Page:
You may have low blood sugar (hypoglycemia) and feel very hungry, dizzy, irritable, confused, anxious, or shaky. To quickly treat hypoglycemia, eat or drink a fast-acting source of sugar (fruit juice, hard candy, crackers, raisins, or non-diet soda).

Your doctor may prescribe a glucagon injection kit in case you have severe hypoglycemia. Be sure your family or close friends know how to give you this injection in an emergency.

Also watch for signs of high blood sugar (hyperglycemia) such as increased thirst or urination.

Blood sugar levels can be affected by stress, illness, surgery, exercise, alcohol use, or skipping meals. Ask your doctor before changing your dose or medication schedule.

Keep insulin lispro in its original container protected from heat and light. Do not freeze insulin lispro or store it near the cooling element in a refrigerator. Throw away any insulin lispro that has been frozen.

Storing unopened (not in use) insulin lispro:

  • Refrigerate and use until expiration date; or

  • Store at room temperature and use within 28 days.

Storing opened (in use) insulin lispro:

  • Store the vial in a refrigerator or at room temperature and use within 28 days.

  • Store the cartridge or injection pen (without a needle attached) at room temperature and use within 28 days.

Use a needle and syringe only once and place them in a puncture-proof "sharps" container. Follow state or local laws about how to dispose of this container. Keep it out of the reach of children and pets.

What happens if I miss a dose?

Since insulin lispro is used with meals, you may not be on a timed dosing schedule. Whenever you use insulin lispro, follow the directions for your specific brand about whether to use the medicine before of after you eat. Do not use two doses at one time.

What happens if I overdose?

Seek emergency medical attention or call the Poison Help line at 1-800-222-1222. Insulin overdose can cause life-threatening hypoglycemia. Symptoms include drowsiness, confusion, blurred vision, numbness or tingling in your mouth, trouble speaking, muscle weakness, clumsy or jerky movements, seizure (convulsions), or loss of consciousness.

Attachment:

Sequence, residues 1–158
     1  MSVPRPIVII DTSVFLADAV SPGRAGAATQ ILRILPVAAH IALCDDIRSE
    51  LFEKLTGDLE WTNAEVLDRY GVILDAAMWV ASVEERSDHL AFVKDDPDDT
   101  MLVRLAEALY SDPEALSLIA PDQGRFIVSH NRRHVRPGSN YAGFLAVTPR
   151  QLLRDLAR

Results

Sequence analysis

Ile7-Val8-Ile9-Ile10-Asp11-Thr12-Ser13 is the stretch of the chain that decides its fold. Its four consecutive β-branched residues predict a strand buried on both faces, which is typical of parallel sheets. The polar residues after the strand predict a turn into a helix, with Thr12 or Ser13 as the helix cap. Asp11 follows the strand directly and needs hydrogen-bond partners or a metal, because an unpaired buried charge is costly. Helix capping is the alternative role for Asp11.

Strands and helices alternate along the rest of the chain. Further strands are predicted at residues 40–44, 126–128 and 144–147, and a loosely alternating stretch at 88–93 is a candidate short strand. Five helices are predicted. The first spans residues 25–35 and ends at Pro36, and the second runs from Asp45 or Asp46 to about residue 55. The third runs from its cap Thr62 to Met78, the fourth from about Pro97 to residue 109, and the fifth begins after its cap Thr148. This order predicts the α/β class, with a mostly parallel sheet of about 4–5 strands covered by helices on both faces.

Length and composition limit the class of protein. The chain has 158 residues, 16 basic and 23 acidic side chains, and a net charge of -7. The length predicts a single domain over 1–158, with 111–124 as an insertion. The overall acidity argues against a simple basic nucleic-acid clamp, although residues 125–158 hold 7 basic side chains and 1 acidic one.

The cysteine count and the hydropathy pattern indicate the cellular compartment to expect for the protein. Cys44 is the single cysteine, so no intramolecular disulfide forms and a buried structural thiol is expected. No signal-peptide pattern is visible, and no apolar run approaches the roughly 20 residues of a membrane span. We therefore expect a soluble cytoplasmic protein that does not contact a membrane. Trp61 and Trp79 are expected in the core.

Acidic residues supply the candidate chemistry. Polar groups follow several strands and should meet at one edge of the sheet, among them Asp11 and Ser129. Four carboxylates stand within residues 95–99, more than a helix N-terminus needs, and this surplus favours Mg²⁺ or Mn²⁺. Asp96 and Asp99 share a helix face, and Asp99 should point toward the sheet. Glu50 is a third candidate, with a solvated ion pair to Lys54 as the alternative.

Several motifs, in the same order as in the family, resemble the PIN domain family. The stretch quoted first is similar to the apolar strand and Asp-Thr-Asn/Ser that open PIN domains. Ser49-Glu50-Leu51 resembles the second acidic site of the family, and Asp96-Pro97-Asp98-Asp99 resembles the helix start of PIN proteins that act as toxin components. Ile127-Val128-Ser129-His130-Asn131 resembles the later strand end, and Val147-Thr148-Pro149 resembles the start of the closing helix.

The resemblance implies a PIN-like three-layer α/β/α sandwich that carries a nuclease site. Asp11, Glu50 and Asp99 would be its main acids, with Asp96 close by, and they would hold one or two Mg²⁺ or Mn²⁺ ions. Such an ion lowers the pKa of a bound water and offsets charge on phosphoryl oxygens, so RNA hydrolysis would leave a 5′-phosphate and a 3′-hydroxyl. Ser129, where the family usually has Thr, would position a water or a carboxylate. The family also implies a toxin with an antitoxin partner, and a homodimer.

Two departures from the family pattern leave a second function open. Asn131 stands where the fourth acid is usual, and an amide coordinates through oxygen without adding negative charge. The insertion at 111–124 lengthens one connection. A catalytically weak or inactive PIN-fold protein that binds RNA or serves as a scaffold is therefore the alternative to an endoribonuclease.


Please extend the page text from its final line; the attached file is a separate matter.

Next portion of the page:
What should I avoid while using insulin lispro?

Insulin can cause low blood sugar. Avoid driving or operating machinery until you know how insulin lispro will affect you.

Avoid medication errors by always checking the medicine label before injecting your insulin lispro.

Avoid drinking alcohol.

Insulin lispro side effects

Get emergency medical help if you have signs of insulin allergy: redness or swelling where an injection was given, itchy skin rash over the entire body, trouble breathing, fast heartbeats, feeling like you might pass out, or swelling in your tongue or throat.

Call your doctor at once if you have:

  • weight gain, swelling in your hands or feet, feeling short of breath;

  • low blood sugar - headache, hunger, sweating, irritability, dizziness, fast heart rate, and feeling anxious or shaky; or

  • low potassium - leg cramps, constipation, irregular heartbeats, fluttering in your chest, increased thirst or urination, numbness or tingling, muscle weakness or limp feeling.

Common Insulin lispro side effects may include:

  • low blood sugar;

  • weight gain;

  • swelling in your hands or feet;

  • itching; or

  • thickening or hollowing of the skin where you injected the medicine.

This is not a complete list of side effects and others may occur. Call your doctor for medical advice about side effects. You may report side effects to FDA at 1-800-FDA-1088.

What other drugs will affect insulin lispro?

Many other medicines can affect your blood sugar, and some medicines can increase or decrease the effects of insulin. Some drugs can also cause you to have fewer symptoms of hypoglycemia, making it harder to tell when your blood sugar is low. Tell each of your health care providers about all medicines you use now and any medicine you start or stop using. This includes prescription and over-the-counter medicines, vitamins, and herbal products.

Further information

Remember, keep this and all other medicines out of the reach of children, never share your medicines with others, and use Insulin lispro only for the indication prescribed.

Always consult your healthcare provider to ensure the information displayed on this page applies to your personal circumstances.